While investors and commercial developers are gobbling up giant chunks of land in and around historic Leesburg, town leaders and a private partnership are turning seven old buildings into a centerpiece of neighborhood rehabilitation and historic preservation.
Workers are scrambling to finish restoration and modernization of the buildings -- some of which have been moved to the site from other states -- on a two-block area facing Loudoun Street, just a few blocks from the center of Leesburg.
To be known as Market Station, the project is expected to generate hundreds of jobs. Developers and town leaders predict that shops and restaurants in the architecturally diverse project will become major tourist attractions while helping preserve the town's sophisticated, yet country, atmosphere.
What were once grain and dairy barns, freight depots and log buildings have been positioned between Harrison and Church streets.
"It all started as a community development block grant from the Department of Housing and Urban Development," according to Martha Mason Semmes, director of planning, zoning and development for Leesburg.
A century ago, the Market Station area was the center of commercial activity for rural Loudoun, according to Barbara Kirkpatrick, marketing director for Market Station. The area, known to longtime Loudoun residents as The Wharf, was home to the freight station, mills and the marketplace where farmers sold their produce. "It was the scene of political discussion -- not a classy place, but the center of things," Kirkpatrick said.
Fire struck the area in the late 1800s, causing severe damage to many of the buildings. However, some were rebuilt, including McKimmey's Mill, which still was operating a feed business in the old mill just a few days before construction of the Market Station project began. Over the past eight decades, the area has deteriorated, and it was a prime candidate for rehabilitation through the community development grant program, officials said.
Developers hope to have the project finished by late fall. Construction crews are working seven days a week, according to Beckham W. Dickerson, architect and coowner of the development.
Dickerson and Bruce N. Brownell, president of Brownell Inc., a Leesburg-based building and development firm, are jointly developing the project.
The developers own the buildings, and the town owns the land. "They have a long-term lease with an option to buy," Semmes said.
"We knew the town was going to do a redevelopment project," Brownell said. McKimmey's Mill "was slated for demolition." Today that mill has been moved "about 300 feet" from its 1890 site to become the focal point of the Market Station project, providing multilevel spaces for restaurants and stores.
The building's giant beams are a foot thick. What were once 25-foot-deep grain bins bearing indentations made by the tons of grain that were dumped against their sides through the years are being converted into offices or other rooms. Huge grinding wheels now sit on the construction site waiting for a permanent place inside the project as a reminder of days past.
Dickerson and Brownell won the right to build Market Station in a design competition held by Leesburg. "We kind of got married on the project and have been fighting ever since," Dickerson said. That is because "a good architect wants it to look good and doesn't care what it costs," he explained.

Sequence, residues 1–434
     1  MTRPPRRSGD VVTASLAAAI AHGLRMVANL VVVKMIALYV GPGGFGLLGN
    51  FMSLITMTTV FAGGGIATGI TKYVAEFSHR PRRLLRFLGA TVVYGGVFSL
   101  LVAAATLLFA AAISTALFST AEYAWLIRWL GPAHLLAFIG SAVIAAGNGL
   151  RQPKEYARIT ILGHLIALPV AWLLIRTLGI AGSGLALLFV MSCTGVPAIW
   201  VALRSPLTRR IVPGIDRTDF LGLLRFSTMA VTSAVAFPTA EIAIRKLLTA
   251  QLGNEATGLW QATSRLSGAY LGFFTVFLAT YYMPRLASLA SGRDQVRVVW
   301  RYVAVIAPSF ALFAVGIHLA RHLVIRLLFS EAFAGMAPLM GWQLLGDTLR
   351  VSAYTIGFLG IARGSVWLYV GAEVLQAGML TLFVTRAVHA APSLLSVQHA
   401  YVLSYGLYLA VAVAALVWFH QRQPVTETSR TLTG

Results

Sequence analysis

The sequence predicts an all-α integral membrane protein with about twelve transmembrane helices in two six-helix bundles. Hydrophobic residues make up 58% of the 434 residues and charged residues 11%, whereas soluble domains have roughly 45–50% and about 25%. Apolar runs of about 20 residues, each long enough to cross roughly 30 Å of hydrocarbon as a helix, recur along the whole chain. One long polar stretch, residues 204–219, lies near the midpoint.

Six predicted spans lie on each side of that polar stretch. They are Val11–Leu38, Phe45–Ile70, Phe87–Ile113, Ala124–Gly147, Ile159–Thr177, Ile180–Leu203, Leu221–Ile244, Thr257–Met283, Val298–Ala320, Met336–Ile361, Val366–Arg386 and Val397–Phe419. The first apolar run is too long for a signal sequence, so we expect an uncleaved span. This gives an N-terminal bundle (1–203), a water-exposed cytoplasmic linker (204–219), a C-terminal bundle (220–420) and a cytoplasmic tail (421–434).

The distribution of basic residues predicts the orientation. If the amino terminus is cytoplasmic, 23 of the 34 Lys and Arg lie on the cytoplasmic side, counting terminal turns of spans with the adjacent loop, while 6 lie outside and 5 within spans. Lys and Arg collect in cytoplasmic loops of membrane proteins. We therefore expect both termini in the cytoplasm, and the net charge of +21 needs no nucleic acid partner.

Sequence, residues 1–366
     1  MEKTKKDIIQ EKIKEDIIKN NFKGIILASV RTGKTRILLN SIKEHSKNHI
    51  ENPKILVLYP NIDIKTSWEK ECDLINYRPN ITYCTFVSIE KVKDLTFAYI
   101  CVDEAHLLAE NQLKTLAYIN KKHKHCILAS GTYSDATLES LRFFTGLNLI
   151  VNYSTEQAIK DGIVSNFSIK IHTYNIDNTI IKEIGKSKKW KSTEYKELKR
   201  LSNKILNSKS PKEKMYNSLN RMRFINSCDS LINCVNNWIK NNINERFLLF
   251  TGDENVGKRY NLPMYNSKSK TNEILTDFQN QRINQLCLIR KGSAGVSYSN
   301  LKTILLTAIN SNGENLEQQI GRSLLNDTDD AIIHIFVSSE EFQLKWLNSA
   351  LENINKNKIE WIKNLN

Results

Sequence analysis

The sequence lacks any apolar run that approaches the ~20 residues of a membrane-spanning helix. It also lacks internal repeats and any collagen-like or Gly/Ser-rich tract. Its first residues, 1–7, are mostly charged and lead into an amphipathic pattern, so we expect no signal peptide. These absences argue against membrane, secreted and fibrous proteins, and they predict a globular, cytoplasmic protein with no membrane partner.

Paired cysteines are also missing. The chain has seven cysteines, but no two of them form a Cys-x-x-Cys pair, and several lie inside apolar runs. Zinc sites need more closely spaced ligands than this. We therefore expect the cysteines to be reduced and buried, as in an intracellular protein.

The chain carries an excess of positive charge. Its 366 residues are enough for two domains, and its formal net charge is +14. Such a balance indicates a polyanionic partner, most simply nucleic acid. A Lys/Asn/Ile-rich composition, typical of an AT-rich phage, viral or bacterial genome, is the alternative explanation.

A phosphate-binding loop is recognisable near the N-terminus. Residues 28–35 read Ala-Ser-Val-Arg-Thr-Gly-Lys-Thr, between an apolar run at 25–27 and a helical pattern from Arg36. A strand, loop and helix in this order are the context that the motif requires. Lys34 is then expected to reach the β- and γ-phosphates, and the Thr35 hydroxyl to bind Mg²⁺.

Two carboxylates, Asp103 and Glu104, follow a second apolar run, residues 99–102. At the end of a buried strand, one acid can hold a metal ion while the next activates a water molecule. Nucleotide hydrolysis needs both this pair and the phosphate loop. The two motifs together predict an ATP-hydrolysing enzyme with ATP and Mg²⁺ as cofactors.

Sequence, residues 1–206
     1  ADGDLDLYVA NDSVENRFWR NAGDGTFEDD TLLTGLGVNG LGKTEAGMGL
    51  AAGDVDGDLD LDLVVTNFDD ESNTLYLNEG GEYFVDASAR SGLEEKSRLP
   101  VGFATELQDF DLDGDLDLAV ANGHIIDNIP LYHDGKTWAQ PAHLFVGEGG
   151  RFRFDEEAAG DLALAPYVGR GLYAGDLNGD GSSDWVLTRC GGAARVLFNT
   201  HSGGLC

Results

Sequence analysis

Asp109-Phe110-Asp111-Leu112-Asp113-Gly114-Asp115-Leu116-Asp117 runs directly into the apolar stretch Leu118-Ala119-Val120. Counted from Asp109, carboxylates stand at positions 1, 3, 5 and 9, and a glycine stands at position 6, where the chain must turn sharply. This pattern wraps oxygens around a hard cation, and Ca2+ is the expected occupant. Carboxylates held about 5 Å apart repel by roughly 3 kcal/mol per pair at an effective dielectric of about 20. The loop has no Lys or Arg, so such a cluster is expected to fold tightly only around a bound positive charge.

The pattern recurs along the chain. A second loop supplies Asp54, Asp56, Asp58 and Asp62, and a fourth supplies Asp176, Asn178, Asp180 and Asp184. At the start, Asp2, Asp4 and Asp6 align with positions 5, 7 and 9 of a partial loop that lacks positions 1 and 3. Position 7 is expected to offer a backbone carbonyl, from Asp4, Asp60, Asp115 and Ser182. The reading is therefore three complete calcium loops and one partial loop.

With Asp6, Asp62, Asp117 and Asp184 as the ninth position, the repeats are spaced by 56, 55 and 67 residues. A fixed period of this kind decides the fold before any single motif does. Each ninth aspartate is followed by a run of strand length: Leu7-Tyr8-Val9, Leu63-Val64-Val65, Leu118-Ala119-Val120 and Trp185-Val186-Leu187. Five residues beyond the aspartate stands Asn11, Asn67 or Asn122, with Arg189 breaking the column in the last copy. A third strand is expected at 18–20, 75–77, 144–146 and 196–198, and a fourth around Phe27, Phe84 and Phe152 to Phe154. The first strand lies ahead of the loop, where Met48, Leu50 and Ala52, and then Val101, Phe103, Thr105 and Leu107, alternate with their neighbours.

Touring the construction site now would bring joy to anyone interested in old buildings, developers asserted. In addition to huge old beams, original building materials are being preserved everywhere possible, developers said. A large staircase leading to the top floor of one building was "really two staircases," Brownell said. He found them in a field in West Virginia and put them together to get the length and strength needed for the project, he said.
Market Square promoters are billing the project as the town's answer to Baltimore's Harborplace restoration project. But they concede that it is much smaller in scale. "We already have a good tourist business," Semmes said. "We see this as a wonderful attraction. In addition, several hundred jobs will be created."
Those jobs are a major part of the reason the project qualified originally as part of the federally funded community development block grant program, she explained.
"It was a comprehensive multiple-year project" that was to be completed in three years, but it has taken longer because of its complexity, she said.
Market Station is only one part of the total project. Nearby are new town houses, built by Brownell and Dickerson for low- and moderate-income residents, Semmes said. In addition, older homes in the area have been rehabilitated. She said that will give residents a better chance to hang onto their homes in spite of growing pressures for commericalization.
Developers and Semmes said the project is "a good example" of public and private partnerships.
While Dickerson and Brownell have been working on Market Station, another significant renovation project has been started on Route 15, south of Catoctin Circle near the Leesburg Bypass. Although town officials are not involved in the renovation of a 90-year-old Queen Anne-style mansion known as Waverly Mansion, Semmes said town officials are pleased with the project.